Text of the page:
Performing the Paintings: A contemporary artist inhabits the Baroque realist’s paintings in a work entitled “Cara Viaggio”

by John KELLY

I enter the room for model pose three

I access the wound, and paint what I see…

I single source light before I begin

To draw on the life, to shadow the skin…

I aim to seduce

I choose to offend

I live to give form

And I long to lose control.

From The Escape Artist*

 

My performance work evolved out of a background in dance and visual art, and has remained essentially ephemeral. I’ve retained a long-standing desire to merge these two disciplines into a tangible synthesis. This impulse resulted in a studio practice I recently implemented while a Visual Arts Fellow at the American Academy in Rome.

Since the early 1980’s I have incorporated projections of film and video into my live performance works as a way to provide narrative option, dramatic emphasis, and textural variety. I have also maintained a visual art practice, which is comprised of self-portraits: drawings paintings and montages of video stills culled from existing videotape documentation of the live performances. While these two disciplines have rarely intersected, they do share a rigorous discipline of both inward and outward self-scrutiny that occurs through their ongoing relationships to: the mirror, an audience, the lens of a camera, the surface of canvas or paper. Creating within these formats has fostered both a certain sense of the self; manifesting my curiosity of the dramatic life of specific characters has allowed me to essentially become other selves.

While searching for an actual merging of my performance and visual art practices, I decided that video and photographic imagery would be a quite reasonable choice; a camera set up on a tripod camera could function as more as surrogate audience than documenter, and more as rectangular destination than audience.

In my studio at the Academy I embarked on this series of video vignettes from which I would also cull photographic stills; as subject matter I chose a man appropriate to Rome: Caravaggio. I was no stranger to making performance works about the lives of artists; one of my benchmark pieces remains my meditation on the Viennese Expressionist artist Egon Schiele, Pass The Blutwurst, Bitte. In this piece I dramatized both his life and his work, concocting various ways of theatrically replicating the process of painting and drawing onstage, within a dramatic tracing of his short and turbulent life.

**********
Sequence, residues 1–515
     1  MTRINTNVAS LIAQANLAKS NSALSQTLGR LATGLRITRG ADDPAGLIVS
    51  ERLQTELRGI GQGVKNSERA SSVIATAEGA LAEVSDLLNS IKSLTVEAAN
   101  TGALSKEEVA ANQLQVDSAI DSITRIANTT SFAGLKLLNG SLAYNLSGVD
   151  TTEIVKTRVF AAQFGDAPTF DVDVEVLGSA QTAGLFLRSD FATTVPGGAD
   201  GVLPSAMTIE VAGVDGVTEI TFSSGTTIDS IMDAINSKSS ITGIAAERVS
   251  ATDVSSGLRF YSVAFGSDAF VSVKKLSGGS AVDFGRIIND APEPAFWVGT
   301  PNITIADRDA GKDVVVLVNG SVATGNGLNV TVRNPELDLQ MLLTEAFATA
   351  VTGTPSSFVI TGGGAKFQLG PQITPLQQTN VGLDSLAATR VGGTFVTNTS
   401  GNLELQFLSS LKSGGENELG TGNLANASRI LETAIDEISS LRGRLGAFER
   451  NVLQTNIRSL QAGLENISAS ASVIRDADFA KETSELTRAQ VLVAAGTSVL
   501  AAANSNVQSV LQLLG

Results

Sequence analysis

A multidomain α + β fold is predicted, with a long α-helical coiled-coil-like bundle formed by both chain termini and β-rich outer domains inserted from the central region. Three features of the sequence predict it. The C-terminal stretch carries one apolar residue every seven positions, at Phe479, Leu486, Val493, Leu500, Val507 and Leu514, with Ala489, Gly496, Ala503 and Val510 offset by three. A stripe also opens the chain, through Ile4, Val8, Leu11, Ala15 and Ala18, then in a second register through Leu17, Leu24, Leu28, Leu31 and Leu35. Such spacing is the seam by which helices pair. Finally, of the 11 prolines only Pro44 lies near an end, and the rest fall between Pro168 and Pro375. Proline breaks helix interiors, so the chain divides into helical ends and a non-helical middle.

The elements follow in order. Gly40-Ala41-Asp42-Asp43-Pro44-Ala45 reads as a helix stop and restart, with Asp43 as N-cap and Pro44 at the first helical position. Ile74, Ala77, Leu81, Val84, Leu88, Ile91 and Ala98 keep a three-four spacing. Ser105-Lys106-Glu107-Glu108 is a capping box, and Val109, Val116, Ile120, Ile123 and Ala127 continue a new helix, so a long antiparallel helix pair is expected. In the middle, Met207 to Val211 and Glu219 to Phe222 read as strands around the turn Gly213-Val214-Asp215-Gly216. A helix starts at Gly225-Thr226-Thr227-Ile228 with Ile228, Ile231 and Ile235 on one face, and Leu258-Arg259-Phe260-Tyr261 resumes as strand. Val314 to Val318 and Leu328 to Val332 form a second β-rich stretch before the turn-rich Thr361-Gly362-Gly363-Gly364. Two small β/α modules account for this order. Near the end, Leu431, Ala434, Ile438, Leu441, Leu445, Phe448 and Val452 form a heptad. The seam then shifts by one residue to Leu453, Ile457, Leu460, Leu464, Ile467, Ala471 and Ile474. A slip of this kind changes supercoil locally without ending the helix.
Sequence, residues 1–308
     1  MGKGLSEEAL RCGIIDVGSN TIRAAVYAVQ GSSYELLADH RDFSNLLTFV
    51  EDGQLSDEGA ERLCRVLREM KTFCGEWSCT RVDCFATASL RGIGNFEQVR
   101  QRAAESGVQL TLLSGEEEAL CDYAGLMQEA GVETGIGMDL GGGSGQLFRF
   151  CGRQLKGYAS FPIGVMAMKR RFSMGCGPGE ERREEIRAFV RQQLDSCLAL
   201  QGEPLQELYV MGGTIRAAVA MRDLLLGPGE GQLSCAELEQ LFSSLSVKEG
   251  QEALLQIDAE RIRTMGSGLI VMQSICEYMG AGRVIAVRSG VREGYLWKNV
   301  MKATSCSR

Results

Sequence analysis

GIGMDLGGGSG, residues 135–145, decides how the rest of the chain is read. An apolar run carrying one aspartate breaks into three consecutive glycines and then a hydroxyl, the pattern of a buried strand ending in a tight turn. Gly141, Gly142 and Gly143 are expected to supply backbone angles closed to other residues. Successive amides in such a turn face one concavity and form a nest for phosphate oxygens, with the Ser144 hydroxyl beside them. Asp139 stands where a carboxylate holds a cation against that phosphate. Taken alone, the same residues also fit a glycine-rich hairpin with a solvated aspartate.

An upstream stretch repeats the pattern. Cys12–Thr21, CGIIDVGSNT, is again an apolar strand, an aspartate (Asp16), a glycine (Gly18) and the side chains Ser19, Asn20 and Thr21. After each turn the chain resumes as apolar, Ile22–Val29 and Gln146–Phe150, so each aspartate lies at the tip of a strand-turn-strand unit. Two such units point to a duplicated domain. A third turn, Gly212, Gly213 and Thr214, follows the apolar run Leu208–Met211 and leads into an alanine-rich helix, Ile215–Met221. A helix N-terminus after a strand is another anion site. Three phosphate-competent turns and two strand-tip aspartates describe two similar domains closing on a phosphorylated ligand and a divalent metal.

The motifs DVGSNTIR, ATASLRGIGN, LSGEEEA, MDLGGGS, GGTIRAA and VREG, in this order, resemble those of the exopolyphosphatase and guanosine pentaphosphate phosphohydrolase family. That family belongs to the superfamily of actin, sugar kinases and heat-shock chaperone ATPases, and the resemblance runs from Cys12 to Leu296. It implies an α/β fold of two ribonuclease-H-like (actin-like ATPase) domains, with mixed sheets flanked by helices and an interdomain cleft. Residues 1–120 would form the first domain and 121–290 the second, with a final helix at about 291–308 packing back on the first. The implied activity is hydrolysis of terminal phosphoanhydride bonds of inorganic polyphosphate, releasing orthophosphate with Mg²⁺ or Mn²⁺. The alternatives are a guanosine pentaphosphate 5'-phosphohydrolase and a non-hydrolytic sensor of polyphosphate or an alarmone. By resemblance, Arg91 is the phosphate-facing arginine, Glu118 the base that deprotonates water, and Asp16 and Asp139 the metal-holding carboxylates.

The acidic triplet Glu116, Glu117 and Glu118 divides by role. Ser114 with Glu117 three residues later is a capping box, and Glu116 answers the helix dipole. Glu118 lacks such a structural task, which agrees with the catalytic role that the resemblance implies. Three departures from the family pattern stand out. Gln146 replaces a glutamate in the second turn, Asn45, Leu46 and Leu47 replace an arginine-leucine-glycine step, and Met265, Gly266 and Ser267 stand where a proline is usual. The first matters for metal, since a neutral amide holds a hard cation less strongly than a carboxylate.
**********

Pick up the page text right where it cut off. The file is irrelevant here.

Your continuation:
Ripe dramatic fodder as source is a reality both Schiele and Caravaggio inhabit, and my habit has been to dive into the body of such creative souls. But I found myself feeling thwarted as to how, and even why, to dramatize Caravaggio’s life in a performance work. He appears simultaneously quite accessible (through his paintings) and enigmatically elusive (what little is known of the man). So very little, aside from some obvious and bloated facts: brilliant revolutionary, sexual outsider, impulsive brawler, hunted murderer and haunted man on the run, all leading up to a hyper-dramatic coda and a tragic early demise. Especially in a culture addicted to tantalizing sound bites and scandal, gossip and grovel, these crumbs of info inform this artist’s work too readily and truncate the capacity to fathom it objectively; they muddy his profound shadows with beguiling gradation of Bad Boy menace, irrationality, urgency and desperation.

Managing the blur between lore and fact may be useful as marketing ploy by exhibitor, easy entrée for a novice viewer, or lucky dramatic fodder for a performance maker like me, but they also carry with them the navigational hurdle of obviousness. Their transience compelled me to transcend such limited clues, and feast instead on what actually remains: his paintings. I would dramatize his paintings through video and photography.

Performing Paint